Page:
On “Come in Closer” there’s a range in your voice, a soulfulness that I’ve never heard before, and it’s just incredible. But it doesn’t seem to quite fit the album. How did this song—and the guest vocalist—come about, and tell me why you think it fits.
I think it definitely fits, because it’s my history; it’s a piece of my history. So it might not fight soundwise, but heartwise and meaning-wise, it definitely fits. It’s a song about lying, it’s a song about getting to the core of relationships and understanding where they fell apart. It touches in on a little bit of the more spaciness that I’m into, that I’ve always been into, that people in the past have told me that I really can’t do that on their album. But on this album I was left alone, so I could do whatever the hell I wanted to. I said, “You know what? That song that nobody liked? I’m going to put it on there! And if they don’t like it, so be it.”

Did they really not like it?
No; it’s not like that. I’ve been trying to put that song on our last two albums and everybody was like, “I don’t know,” and this time I was like, “I don’t care.” It’s definitely a lovemaking song.

On the disc, you really saved the best for last: “Amazing” is truly amazing. It’s so raw and intensely personal. Was that a really hard song for you to write?
Thank you. I remember recording that one; I was like, “Let’s just take it. Let’s set a couch up in the studio and get everybody out of the room.” It was the end of the night and I’d sung the other songs all day, so my voice was really tired, but it had to have that feeling of just, Everything is so tired. You’re just so weak from talking about all that stuff. So it had to sound really desperate. It came out that way, I guess.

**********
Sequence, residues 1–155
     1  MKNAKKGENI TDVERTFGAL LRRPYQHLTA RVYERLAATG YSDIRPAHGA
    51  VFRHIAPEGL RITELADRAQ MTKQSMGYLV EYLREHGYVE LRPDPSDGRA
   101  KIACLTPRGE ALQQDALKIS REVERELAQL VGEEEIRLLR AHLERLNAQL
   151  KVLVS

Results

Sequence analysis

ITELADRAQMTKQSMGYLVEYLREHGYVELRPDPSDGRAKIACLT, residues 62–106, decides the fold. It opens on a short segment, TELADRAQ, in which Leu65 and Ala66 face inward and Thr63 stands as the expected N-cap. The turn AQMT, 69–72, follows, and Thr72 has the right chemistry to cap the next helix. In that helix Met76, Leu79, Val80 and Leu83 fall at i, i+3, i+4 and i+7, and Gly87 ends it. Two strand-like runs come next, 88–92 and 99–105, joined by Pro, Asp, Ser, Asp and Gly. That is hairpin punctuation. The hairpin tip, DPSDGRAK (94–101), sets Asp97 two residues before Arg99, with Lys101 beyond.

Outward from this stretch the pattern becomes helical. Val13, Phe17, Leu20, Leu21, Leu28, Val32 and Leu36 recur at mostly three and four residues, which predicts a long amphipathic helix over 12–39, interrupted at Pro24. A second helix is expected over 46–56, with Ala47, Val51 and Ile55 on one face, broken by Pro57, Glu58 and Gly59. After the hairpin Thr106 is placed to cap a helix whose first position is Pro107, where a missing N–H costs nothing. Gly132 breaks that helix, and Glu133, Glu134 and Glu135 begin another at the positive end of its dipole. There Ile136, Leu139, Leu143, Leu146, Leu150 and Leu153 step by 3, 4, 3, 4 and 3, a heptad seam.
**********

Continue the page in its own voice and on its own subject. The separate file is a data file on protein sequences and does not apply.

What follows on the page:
Was that a harder song for you to write, or at this point, are you just pretty good at pouring it all out?
You mean harder, emotionally, for me to write, or harder constructively for me to write? ’Cause nothing’s really hard constructively; it’s hard emotionally. Like, “do I actually want to say this, do I actually want to admit this, because then it’s going to fuck up a few of my relationships if I go ahead and do this?” But then I always come back to, “Yeah, you’ve got to do this, or else you’re a half-ass.”

How do you know when to draw the line?
I don’t; that’s the thing. I just don’t say names. Like the other day, I was driving around in the van and I wrote this song called “The Weight of All the World Gone Wrong,” and it touches on a lot of things that I’m not necessarily going to have to be really careful about, but a few people are going to be pissed when they hear it, a few people very close to me. But then again, they can either sue me, or—art is not made to be beautiful all the time. There’s a lot of bands that’ll write songs, but we’re just more about performance art and really getting to the core of it. I remember one night we were playing in a predominantly Christian atmosphere, and we sang “Razorblade.” I got more into it than probably I’ve ever gotten into it, because I knew that they’d be probably offended by it, and when it was over, it was just dead quiet. Nobody knew how to react. And to me, that’s just amazing, when you see people with their faces red, like they just want to hit you for saying that.

In your opinion, is Blue October more of a live band or a studio band?
We’re both. I can’t really call us a live band, and I can’t really call us a studio band, because it’s another world we go into the studio. It’s very calculated, very precise, and when we get on stage, it’s like don’t you dare bring the calculations and precisions up there, just let loose.